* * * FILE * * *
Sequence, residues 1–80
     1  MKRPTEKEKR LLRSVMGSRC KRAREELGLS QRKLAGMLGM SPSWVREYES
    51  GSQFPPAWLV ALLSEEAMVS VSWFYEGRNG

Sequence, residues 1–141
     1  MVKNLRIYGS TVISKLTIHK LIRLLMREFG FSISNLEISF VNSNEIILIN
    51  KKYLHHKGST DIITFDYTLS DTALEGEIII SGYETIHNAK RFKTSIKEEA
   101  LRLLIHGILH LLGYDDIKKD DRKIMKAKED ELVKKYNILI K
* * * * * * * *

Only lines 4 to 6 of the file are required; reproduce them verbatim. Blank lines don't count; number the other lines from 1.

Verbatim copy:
Sequence, residues 1–141
     1  MVKNLRIYGS TVISKLTIHK LIRLLMREFG FSISNLEISF VNSNEIILIN
    51  KKYLHHKGST DIITFDYTLS DTALEGEIII SGYETIHNAK RFKTSIKEEA